Anyway, this is probably more than you need to know, but the obsessive detail and strangely poetic undertones of these near-fetishistic reports caught the attention of English author J.G. Ballard, who was moved to incorporate elements into his 1966 novel The Atrocity Exhibiton. The author actually claimed that these reports could be read as a kind of “obsessional fiction that links science with pornography,” and mused openly whether the experiments had ever aroused deeper stirrings within the researchers’ lab pants.
This one is exciting! You might have heard of it. In 2004, news emerged that cadavers willed to Tulane University in New Orleans were, in turn, sold to the U.S. Army, where they were summarily blown apart in land mine experiments. The general public was horrified by this. Honestly, I’m not entirely sure why, because the practice of shooting, stabbing and exploding bodies like you is an open secret in the medical research community. Indeed, a scan of the Journal of Biomechanics reveals articles with titillating titles like “Biomechanical response corridors of the thorax to blunt ballistic impacts” (2004).
Mary Roach, in her book Stiff : The Curious Lives of Human Cadavers, documents the long history of armies formally and informally “firing into dead bodies for the purpose of teaching the effects of gunshots in war.” These days, organizations like the Armed Forces Institute of Pathology’s Ballistic Missile Trauma Research Lab would love to have you for highly-choreographed munitions experiments. They might test land mines on your legs. Or shoot new kinds of bullets and/or lasers into your meaty thighs. Or test body armor on you, or shoot you in the face with non-lethal projectiles. You’d be pretty good at any of these.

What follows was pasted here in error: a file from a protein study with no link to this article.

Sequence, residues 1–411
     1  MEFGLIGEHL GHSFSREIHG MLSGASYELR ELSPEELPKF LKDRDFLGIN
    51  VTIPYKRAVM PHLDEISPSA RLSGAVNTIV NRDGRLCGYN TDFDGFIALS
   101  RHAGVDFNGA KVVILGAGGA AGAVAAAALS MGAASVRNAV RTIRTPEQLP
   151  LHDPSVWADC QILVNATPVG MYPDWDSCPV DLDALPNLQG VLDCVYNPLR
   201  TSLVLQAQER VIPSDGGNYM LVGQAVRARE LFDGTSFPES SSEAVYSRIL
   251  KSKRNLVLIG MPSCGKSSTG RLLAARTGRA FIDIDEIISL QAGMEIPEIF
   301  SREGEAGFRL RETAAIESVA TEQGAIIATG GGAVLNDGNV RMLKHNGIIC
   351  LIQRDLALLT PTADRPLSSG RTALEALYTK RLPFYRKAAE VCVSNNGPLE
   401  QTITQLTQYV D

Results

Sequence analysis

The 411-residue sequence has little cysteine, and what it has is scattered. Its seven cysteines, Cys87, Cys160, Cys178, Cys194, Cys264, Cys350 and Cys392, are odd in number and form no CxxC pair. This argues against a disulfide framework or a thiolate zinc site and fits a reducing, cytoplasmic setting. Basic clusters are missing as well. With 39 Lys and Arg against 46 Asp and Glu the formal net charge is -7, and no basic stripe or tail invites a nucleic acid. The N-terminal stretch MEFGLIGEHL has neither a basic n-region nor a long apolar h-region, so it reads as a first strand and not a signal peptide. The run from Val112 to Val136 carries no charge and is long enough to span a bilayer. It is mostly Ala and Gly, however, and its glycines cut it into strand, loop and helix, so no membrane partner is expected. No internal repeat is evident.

Harvesting for Parts
Perhaps the single most inspiring post-mortem adventure you can undertake is to have your parts harvested. I should warn you that this will decimate you, however. Note that this is not “decimate” in truest Latin sense of word. That is, “reduce by 1/10th,” in accordance with the punitive mechanism of the Roman army in which 10 soldiers were forced to draw lots and club the loser dead. No, this is the modern colloquial usage, meaning you will be reduced absolutely, to inhuman gristle, to pulp.
Wait, wait. It’s okay. Your parts will find new life in strange and beautiful ways. For instance, your precious collagen will soon engorge the meager lips of others. Your fatty tissues (the ones you’ve always been so self-conscious about!) will smooth the wrinkled faces of aging women. Grafts of your skin will extend and enlarge the meager penises of sad men. You will be a humanitarian! You’ll help too-wrinkled women sag a little bit less and too-wrinkled men sag a little bit more.
I suppose I could go on about other Medical Research experiments available to you. Like the one in which you are dropped out of airplanes to see what happens (answer: you break) or in which synthetic muscle implants re-animate you. Yes, I could go on. But the glaze in your eyes is becoming very dim. Your appendages grow taut. Your odor is now aggressive. You must get to work quickly. Science has waited your whole life to have you like this, in this premium condition. But it can’t wait much longer.